This paper considers how individuals incorporate in philanthropy unavoidable considerations of loss and risk in decisions which are made under conditions of uncertainty, albeit tested by means of a “laboratory” experiment employing hypotheticals based on grant‐making choices. Are natural and fundamental behavioral patterns exhibited in personal decision‐making carried over into decisions made in the philanthropic context, or do new behaviors emerge when one moves from personal choices to philanthropic ones?
The ultimate question here is likely how we want people to act in making philanthropic decisions. Should foundations, for example, be “risk takers” so as to fund more uncertain steps that other sectors such as business and government will not undertake? This is a common outlook among those who emphasize the role of foundations in promoting “innovation” and see that function as requiring a heightened risk tolerance.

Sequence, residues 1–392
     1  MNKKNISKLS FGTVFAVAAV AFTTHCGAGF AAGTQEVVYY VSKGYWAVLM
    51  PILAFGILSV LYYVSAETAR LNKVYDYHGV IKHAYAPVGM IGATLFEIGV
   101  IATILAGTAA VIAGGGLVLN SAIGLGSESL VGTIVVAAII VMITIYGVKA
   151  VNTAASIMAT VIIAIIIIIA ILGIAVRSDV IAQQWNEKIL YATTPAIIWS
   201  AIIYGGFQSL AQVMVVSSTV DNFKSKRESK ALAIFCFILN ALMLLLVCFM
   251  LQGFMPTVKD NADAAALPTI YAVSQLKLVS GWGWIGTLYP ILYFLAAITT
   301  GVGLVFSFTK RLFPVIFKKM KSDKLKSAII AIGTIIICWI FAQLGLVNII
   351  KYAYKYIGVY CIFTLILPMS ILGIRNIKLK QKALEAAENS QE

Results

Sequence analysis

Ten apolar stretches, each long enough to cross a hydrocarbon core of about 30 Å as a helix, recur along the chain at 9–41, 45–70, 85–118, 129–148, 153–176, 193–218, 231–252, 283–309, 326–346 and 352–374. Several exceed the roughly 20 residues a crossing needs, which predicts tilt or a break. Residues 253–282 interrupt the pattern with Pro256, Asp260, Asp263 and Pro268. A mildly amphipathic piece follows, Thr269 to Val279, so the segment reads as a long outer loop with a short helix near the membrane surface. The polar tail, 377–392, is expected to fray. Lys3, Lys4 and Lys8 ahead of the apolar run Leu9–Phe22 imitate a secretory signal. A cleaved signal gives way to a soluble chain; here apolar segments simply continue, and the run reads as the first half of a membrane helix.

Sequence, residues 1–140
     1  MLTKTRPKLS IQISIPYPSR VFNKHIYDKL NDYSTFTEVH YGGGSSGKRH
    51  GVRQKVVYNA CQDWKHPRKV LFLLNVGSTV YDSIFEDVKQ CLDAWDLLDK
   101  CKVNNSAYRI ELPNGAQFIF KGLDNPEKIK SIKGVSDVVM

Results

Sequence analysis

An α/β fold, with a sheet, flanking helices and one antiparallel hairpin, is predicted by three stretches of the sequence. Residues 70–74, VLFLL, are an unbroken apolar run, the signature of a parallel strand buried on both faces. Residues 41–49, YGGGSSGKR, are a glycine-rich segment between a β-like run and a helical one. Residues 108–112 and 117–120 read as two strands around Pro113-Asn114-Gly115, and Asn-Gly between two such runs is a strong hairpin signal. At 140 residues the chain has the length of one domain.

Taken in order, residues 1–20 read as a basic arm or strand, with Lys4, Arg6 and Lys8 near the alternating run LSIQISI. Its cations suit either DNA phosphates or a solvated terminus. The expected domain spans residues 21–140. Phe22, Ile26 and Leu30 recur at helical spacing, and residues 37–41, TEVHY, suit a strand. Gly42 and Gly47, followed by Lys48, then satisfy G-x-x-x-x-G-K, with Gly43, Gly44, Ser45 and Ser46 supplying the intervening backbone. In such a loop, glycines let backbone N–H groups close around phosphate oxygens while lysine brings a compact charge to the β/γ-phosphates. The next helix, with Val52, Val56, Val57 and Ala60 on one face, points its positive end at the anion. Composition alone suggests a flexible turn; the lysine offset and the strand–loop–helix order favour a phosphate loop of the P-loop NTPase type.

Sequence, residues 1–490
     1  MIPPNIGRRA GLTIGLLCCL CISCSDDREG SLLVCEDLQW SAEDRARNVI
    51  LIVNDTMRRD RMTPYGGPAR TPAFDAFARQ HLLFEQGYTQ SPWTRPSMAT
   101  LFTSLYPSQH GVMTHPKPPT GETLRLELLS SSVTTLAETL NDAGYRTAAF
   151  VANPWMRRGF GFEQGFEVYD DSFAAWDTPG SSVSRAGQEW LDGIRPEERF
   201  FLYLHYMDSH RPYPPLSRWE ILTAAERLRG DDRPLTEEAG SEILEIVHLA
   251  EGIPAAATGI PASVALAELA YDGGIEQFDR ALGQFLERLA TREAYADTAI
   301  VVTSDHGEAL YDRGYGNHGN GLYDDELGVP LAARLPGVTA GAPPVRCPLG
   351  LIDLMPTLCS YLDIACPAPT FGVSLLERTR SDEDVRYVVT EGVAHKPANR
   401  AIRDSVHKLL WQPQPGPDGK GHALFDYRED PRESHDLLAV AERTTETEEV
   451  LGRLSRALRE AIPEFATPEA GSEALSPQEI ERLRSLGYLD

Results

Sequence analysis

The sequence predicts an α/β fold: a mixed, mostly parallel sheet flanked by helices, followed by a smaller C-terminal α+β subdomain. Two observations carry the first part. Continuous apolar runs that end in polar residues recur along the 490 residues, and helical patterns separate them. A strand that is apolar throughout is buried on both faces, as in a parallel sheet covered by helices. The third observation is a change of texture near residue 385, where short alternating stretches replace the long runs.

Or should foundations be more actuarial with respect to risk, more risk neutral, and define their role as facilitating important work where other sectors do not because of conditions such as failures of the market mechanism, imperfect information and/or political or economic inequities. Admittedly, tying a non‐actuarial, risk‐taking profile uniquely to those emphasizing innovation while associating risk neutrality with “gap” strategic philanthropy is of course overstating the correlation. Risk‐taking or risk‐
neutrality are associated with a variety of philanthropic philosophies. But there may be some truth to the dichotomy and, in any event, the question exists as to how we might hope people handle unavoidable risk and uncertainty in philanthropic decision‐making.